Unemployment rate unchanged this month on six-year low

New figures show unemployment rate stable at 9.7%

The CSO recently introduced a new series of monthly unemployment estimates, which replace the CSO’s Standardised Unemployment Rate (SUR) as the definitive measure of monthly unemployment

The CSO recently introduced a new series of monthly unemployment estimates, which replace the CSO’s Standardised Unemployment Rate (SUR) as the definitive measure of monthly unemployment

 

The unemployment rate was unchanged in June after falling to a six-year low of 9.7 per cent last month.

According to new figures from the Central Statistics Office, the seasonally adjusted unemployment rate was down from 11. 4 per cent when compared to the same month a year earlier.

The number of unemployed people fell by 500 to 208,100 in June when compared to May 2015 and by 35,900 as against the same month last year.

The seasonally adjusted unemployment rate for men stood at 10.8 per cent as against May and 13 per cent for June 2014. For women, the adjusted unemployment rate was 8.3 per cent, unchanged from May but down from 9.3 per cent for the same month a year earlier.

Overall, there were 127,900 men unemployed in June and 80,200 women, down 1,100 and 600 respectively versus May.

The seasonally adjusted unemployment rate for those aged between 15 and 24 years of age was 19.8 per cent in June, compared to 20 per cent for the previous month.

Last month, the CSO introduced a new series of monthly unemployment estimates, which replace the CSO’s Standardised Unemployment Rate (SUR) as the definitive measure of monthly unemployment.

The new estimates are primarily based on the Quarterly National Household Survey, which put the State’s jobless rate at 9.9 per cent in the first quarter of this year, but take into account changes to the Live Register.

Alan McQuaid, chief economist at Merrion said there was a net jobs increase in the economy of almost 33,000 last year with a predicted 40,000 extra to be added in 2015.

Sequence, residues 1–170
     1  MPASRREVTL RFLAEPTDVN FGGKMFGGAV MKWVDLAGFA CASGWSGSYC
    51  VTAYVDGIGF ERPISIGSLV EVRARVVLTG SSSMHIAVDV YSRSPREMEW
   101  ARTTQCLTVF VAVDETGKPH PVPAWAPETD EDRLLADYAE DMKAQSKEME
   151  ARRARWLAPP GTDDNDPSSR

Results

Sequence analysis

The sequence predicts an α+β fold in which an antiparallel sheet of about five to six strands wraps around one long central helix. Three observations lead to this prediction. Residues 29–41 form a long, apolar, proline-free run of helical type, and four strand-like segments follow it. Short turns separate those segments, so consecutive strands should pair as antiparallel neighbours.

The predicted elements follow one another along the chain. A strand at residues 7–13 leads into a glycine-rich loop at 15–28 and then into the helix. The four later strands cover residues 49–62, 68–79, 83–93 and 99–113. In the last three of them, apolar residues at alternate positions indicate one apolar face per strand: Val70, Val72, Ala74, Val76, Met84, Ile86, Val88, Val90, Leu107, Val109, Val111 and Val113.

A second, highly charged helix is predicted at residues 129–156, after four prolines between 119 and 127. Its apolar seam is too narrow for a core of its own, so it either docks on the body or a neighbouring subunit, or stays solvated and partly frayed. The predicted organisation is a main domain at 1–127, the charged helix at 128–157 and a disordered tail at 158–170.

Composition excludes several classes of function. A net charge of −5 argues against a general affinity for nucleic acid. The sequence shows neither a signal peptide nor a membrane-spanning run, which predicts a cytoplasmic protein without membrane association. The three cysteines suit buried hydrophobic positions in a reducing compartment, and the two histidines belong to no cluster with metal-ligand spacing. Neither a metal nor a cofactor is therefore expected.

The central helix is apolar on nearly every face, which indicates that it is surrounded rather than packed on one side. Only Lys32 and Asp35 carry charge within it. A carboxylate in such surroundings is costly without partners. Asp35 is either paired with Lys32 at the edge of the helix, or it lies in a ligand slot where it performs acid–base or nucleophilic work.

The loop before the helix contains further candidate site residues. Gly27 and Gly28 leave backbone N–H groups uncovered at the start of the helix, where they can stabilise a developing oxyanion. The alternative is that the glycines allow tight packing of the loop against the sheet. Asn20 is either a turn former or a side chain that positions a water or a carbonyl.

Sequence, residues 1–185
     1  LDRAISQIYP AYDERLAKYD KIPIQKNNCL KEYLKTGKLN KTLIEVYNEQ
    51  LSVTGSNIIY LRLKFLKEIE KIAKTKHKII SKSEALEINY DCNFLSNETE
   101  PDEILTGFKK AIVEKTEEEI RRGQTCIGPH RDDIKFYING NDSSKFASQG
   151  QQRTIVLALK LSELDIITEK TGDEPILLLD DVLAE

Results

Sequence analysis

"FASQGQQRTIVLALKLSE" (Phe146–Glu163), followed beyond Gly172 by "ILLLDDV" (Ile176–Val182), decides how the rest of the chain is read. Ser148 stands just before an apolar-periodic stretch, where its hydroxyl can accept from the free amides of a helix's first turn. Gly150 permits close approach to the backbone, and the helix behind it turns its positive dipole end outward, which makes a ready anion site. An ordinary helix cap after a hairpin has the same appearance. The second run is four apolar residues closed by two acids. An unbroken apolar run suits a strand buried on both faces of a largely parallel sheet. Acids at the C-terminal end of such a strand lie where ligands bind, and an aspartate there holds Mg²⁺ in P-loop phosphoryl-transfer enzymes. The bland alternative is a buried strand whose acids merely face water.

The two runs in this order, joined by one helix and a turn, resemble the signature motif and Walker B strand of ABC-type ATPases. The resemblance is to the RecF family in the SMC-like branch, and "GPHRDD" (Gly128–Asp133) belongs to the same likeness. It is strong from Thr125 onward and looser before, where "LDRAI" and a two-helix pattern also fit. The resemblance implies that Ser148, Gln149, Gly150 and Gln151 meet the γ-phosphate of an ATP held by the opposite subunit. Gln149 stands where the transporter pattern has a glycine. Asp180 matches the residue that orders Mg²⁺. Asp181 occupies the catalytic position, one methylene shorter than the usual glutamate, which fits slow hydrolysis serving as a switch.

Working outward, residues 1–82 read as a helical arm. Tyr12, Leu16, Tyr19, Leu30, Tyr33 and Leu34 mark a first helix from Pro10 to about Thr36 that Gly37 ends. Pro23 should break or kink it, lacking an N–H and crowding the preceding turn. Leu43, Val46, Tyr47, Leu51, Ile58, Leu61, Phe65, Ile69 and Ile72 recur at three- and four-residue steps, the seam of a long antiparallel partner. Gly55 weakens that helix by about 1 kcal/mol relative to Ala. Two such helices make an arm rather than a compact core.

“While emigration has been a contributory factor in keeping down the unemployment numbers in recent years, there is clear evidence that there is more to it than just that, with employment conditions in the majority of sectors in the economy generally improving over the past year or so,” he said.

“Assuming the economy continues to grow strongly in 2015, as we expect, an average jobless rate of 9.7 per cent is envisaged for this year down from 11.3 per cent in 2014. We now think the figure at year-end based on these latest CSO data will be around the 9.3 per cent level, with the numbers of unemployed dropping below the key 200,000 mark,” Mr McQuaid added.

Lobby group Isme said fear of wage increases were stopping SMEs from adding new jobs.

“The creation of wage increase expectations and the ever increasing costs of business are having a stultifying effect on employment growth. Government must understand how fragile the recovery is in the SME sector and that unless it is economically viable to hire more staff, SMEs simply cannot do it,” said Isme chief executive Mark Fielding.

Separately, new figures show that job postings in sectors which largely represent the foreign direct investment (FDI) sector continue to grow. The CPL Employment Market Monitor shows a rise in advertisements for positions in areas such as IT, sales and marketing, finance and banking, accountancy and engineering.

The latest index reveals an 11 per cent year-on-year growth in job postings. However, the average level of positions advertised in the second quarter was slightly down on the first three months of the year.

“While the growth shown in Cpl’s Employment Market Monitor is encouraging, growth has slowed down since early 2014. Between 2011 and 2014, the number of jobs posted roughly doubled. As the next election draws closer, there will be growing interest in whether this level of jobs growth can be sustained,” said the report’s co-author Ronan Lyons.